Getting Your Affairs in Order (or Minimizing the Anxiety of Your Loved Ones)


Cary Sweeney
December 2021

Recently I read an article in the Greater Good Center Magazine titled “How to Make Your Death Kinder to Those You Love.” In this article the author, Cianna P. Stewart, recounts the aftermath of her father’s death, as she and her stepmother, attempting to settle his affairs, hit many roadblocks: disorganized files, a computer they couldn’t open for lack of a password, a safe-deposit key with no indication of which bank or branch it might come from. 

The author expresses anger and frustration with the troubles her father left for his survivors. I understand her feelings. And while they don’t make for an easy read, they drive their point home. I have heard many similar stories in my role at the Retirement Center and my work in the field of gerontology over the past 20 years. Some people do detailed estate planning before they die; others do not. We receive many calls from widows and other family members, left to settle an estate, who are overwhelmed and confused. The Greater Good article is unusually effective on this topic; I recommend signing up for their e-magazine if you haven’t already.

Overcoming Inertia
When preparing your affairs in anticipation of your own death, inertia is understandable. This is not just about organizing documents and understanding legalese, after all. It can involve feelings of fear, grief, loss, and reflection on one’s life. But taking the steps to prepare your documents and document your wishes can help ease your mind and minimize anxiety and stress for loved ones.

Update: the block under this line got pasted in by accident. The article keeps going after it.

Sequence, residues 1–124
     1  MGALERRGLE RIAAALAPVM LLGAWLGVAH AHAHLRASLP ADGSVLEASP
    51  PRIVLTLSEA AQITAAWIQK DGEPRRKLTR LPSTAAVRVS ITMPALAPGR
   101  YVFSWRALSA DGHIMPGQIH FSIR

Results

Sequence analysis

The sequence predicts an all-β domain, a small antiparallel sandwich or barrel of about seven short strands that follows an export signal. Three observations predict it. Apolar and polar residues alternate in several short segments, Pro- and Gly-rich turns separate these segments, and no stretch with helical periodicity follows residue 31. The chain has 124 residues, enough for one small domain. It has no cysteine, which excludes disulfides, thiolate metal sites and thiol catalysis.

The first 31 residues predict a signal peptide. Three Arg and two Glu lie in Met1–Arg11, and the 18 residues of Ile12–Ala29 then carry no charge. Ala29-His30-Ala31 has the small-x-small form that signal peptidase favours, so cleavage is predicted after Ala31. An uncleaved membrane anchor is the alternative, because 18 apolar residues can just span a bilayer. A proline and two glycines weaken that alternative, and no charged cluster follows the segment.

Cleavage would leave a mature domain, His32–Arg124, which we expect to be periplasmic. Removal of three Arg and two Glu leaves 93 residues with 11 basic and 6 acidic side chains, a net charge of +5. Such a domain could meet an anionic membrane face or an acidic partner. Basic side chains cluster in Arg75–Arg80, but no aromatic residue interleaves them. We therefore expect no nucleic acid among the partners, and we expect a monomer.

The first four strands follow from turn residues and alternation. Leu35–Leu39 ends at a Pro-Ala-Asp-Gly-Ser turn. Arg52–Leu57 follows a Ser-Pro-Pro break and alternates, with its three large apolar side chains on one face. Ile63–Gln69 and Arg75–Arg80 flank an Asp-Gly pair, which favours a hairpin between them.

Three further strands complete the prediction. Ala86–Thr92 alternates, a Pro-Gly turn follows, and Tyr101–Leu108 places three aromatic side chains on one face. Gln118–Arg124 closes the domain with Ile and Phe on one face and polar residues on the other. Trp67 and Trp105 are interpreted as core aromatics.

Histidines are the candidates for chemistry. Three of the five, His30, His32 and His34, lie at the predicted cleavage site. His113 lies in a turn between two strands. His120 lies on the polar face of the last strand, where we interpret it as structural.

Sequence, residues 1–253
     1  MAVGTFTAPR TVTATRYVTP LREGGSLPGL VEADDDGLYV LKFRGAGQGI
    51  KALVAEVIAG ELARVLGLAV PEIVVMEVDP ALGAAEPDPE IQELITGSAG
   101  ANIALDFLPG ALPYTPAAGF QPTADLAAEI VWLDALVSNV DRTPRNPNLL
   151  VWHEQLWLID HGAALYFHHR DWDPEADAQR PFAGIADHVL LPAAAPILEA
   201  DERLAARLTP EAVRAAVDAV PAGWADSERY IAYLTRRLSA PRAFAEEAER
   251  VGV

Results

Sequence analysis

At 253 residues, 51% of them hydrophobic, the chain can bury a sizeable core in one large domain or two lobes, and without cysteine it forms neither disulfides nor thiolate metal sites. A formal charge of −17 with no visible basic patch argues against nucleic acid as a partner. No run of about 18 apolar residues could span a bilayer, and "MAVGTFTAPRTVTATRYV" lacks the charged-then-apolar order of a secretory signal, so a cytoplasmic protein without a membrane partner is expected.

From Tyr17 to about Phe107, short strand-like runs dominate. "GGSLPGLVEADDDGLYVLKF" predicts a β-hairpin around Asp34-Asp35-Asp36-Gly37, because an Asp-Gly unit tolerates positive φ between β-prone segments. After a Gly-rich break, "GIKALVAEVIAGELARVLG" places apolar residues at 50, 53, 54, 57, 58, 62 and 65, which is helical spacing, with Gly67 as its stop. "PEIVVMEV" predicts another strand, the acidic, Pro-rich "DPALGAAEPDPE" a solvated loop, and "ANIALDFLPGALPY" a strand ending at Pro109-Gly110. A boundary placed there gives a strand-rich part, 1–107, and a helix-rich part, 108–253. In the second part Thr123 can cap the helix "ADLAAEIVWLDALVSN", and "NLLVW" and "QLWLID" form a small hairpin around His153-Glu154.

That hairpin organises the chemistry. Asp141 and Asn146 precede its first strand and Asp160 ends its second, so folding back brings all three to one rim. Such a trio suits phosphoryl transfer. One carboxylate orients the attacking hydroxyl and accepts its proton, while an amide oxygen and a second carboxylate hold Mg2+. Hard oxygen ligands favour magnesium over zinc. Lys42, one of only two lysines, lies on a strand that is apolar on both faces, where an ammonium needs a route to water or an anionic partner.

One Step To Take
It goes without saying that creating a will, trust, advance directives, and sharing your wishes with a loved one, are essential steps to getting your affairs in order. (Watch a recent presentation, “Estate and Advance Planning,” here). Equally important, and sometimes overlooked, is listing contact information for all your providers and accounts -- in one place where your loved ones can find it.

AARP provides a simple template, titled “Valuable Documents At Your Fingertips,” for listing your providers, account numbers, and other vital information. UC Berkeley offers to bMail account holders the service LastPass, which safely organizes all your passwords in one place on a secure website, requiring only one password to access your accounts. This service is available to non bMail account holders for a minimal monthly cost.

Also, creating a list of all of your important contacts can be an important part of your legacy, especially helping to minimize stress and anxiety after your passing. 


Valuable Documents At Your Fingertips Worksheet from AARP
Worksheet for listing out your providers, account numbers, etc. in one place. 

Getting Your Affairs in Order Fact Sheet from National Institute on Aging
Get organized before a medical emergency! Brief 2 page brochure that provides a list to help get your legal and financial papers in order, and includes information about advance directives, wills, and trusts. 

Estate and Advance Planning Presentation (Recording from Nov 2020) 
A review of the Advanced Health Care Directive, Power of Attorney, Trust, Revocable Living Trusts, Last Testament and Will, Estate Taxes and Estate Administration will be covered. Additionally information provided about the UCRP survivor benefit. Presenters: Kristen Southworth, JD, Ryan McMahan, MD, MAS, Don Goldberg, UC Retirement Administration Service Center; Presenter material can be found here: 

After the Death of a Loved One:  A resource created by UC Davis Retiree Center for UC retirees and their spouses/partners; includes a checklist of items for survivors of retirees.

Managing your online accounts and passwords

Managing mail for the deceased
After loved ones pass, you can stop mail from being sent to their registered addresses. Learn how to file a proper request at the Post Office™ to redirect their mail or remove them from advertising lists.

The author thanks Cathy Cockrell for reviewing and editing this article. 

Publication date: 
December 2, 2021
Publication type: 
Journal Article